JPMorgan Chase & Co. will pay a $4 million fine to settle Securities and Exchange Commission allegations that the bank mistakenly deleted millions of electronic records, leaving communications unavailable to regulators in a dozen investigations.

The SEC alleged Thursday that JPMorgan Securities permanently deleted 47 million electronic records, including emails and instant messages, from January 2018 to April 2018. As a result, the regulator said that JPMorgan could not come up with requested documents in eight SEC investigations and four other regulatory probes. The SEC didn’t say whether those actions were focused on the bank.

“Because the deleted records are unrecoverable, it is unknown – and unknowable – how the lost records may have affected the regulatory investigations,” the SEC said in a settlement order.

JPMorgan declined to comment. The bank didn’t admit to or deny the regulator’s allegations.

In 2021, the bank paid $125 million to the SEC and $75 million to the Commodity Futures Trading Commission to settle allegations that the firm broke rules by not saving business communications on platforms like WhatsApp. Other banks would pay fines for similar conduct the next year.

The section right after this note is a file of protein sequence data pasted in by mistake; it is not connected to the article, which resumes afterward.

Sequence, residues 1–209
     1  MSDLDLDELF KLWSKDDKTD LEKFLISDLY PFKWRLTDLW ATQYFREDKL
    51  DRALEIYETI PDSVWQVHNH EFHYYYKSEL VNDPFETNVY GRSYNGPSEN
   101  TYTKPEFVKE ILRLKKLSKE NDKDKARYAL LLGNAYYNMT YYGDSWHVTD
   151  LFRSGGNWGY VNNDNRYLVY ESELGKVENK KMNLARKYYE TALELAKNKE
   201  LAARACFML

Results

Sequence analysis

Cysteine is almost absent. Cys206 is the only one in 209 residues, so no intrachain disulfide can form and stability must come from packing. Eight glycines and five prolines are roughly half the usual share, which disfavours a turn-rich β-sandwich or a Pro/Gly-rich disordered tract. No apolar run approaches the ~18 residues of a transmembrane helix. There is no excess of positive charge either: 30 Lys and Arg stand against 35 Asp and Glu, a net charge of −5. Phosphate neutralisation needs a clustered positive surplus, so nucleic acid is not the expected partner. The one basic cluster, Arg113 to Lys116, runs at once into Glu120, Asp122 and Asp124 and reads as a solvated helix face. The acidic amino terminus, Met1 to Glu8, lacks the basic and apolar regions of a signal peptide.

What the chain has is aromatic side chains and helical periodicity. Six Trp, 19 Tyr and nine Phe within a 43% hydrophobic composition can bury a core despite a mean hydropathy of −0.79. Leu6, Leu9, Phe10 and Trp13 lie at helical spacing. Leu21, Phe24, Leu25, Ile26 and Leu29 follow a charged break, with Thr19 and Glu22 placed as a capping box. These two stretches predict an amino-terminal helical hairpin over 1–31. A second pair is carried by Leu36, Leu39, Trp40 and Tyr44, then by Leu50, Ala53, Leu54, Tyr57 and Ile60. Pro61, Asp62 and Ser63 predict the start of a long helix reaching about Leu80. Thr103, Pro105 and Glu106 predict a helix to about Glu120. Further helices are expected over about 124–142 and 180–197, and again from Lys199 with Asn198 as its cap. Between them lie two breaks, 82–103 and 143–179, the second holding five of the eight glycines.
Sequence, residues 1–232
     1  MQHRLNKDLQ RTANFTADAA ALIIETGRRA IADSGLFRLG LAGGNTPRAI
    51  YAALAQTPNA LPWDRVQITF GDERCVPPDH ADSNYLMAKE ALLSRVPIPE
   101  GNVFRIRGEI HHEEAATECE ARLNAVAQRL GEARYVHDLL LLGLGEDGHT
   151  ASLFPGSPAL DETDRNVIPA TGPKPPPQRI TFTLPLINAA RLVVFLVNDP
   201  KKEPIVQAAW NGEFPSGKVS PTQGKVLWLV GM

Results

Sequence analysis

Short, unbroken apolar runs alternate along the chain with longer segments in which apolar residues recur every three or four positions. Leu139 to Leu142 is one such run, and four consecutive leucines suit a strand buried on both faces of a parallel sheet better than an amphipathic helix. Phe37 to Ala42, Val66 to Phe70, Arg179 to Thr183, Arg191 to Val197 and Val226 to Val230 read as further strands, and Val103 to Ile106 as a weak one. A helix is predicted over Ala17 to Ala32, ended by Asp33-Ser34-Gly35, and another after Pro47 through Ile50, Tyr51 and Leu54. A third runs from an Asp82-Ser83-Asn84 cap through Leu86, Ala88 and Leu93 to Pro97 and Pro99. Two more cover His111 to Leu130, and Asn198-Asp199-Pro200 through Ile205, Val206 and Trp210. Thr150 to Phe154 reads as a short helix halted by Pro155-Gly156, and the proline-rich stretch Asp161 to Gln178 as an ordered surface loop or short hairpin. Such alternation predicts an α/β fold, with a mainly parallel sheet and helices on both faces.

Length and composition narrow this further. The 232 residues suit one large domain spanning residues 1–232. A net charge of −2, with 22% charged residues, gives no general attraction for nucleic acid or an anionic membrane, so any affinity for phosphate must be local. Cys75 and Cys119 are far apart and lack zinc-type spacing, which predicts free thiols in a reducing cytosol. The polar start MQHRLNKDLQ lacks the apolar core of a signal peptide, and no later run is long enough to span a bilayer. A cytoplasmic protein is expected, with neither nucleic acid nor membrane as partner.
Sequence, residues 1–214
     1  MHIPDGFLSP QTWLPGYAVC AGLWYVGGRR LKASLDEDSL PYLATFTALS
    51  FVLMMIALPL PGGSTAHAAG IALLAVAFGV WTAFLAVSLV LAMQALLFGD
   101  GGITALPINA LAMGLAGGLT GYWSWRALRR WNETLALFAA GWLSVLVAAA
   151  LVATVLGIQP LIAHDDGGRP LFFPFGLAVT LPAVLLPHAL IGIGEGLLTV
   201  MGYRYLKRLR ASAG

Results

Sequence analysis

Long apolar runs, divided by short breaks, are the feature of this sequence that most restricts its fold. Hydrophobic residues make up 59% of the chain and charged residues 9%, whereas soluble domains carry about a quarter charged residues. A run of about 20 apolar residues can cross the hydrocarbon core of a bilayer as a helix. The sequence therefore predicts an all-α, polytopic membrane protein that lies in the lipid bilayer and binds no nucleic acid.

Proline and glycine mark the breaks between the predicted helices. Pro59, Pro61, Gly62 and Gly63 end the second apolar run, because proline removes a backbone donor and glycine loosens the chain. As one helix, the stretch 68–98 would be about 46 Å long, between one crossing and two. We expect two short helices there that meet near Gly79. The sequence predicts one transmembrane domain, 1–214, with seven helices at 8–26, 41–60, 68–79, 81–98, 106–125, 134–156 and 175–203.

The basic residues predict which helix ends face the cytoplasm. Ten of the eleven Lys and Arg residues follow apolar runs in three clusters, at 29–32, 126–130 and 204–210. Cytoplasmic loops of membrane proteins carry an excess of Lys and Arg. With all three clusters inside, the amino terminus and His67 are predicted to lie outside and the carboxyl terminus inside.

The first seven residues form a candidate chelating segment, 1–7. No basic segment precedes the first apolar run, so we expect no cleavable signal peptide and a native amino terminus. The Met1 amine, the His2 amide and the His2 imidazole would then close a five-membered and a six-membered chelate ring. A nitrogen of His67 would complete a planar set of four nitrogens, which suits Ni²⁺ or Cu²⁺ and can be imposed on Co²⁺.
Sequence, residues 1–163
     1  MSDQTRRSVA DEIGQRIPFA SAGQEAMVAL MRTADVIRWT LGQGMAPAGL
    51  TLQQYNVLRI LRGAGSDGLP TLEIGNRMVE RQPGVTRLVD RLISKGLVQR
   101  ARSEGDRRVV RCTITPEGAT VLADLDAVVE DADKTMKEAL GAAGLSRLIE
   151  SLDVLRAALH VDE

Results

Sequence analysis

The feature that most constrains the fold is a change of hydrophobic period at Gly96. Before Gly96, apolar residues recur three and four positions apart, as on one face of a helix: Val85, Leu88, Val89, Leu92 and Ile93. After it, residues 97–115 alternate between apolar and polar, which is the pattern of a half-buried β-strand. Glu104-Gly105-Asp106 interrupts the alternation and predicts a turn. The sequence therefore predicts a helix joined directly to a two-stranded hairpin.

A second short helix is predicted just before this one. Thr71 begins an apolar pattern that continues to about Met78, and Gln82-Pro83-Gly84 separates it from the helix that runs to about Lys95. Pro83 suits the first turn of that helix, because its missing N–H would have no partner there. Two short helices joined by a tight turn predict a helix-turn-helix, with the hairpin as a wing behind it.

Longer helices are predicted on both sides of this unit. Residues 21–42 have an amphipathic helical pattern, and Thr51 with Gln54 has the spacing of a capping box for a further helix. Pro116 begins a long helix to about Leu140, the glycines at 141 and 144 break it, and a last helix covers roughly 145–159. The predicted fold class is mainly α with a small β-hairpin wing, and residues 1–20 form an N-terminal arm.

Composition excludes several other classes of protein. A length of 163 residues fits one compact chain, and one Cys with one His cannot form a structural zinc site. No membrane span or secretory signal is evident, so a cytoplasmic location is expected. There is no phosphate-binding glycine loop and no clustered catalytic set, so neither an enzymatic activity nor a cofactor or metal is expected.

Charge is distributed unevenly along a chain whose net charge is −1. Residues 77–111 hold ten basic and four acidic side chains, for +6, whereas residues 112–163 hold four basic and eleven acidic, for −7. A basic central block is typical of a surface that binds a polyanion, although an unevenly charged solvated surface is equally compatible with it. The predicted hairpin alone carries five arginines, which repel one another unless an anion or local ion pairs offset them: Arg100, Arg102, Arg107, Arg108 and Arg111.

Brokerages like JPMorgan Securities are required to retain records of business communications sent and received for at least three years, the SEC said.

In Thursday’s settlement, the regulator alleged that the firm mistakenly deleted millions of communications from the first quarter of 2018 as it was troubleshooting glitches. The vendor responsible for archiving bank records had told JPMorgan that the records would be protected, the SEC said.

But the vendor had not protected the emails sent to the “Chase” communications domain, the regulator alleged. As a result, those records were wiped, including the email inboxes of as many as 7,500 employees who had regular contact with Chase customers.

This article was provided by Bloomberg News.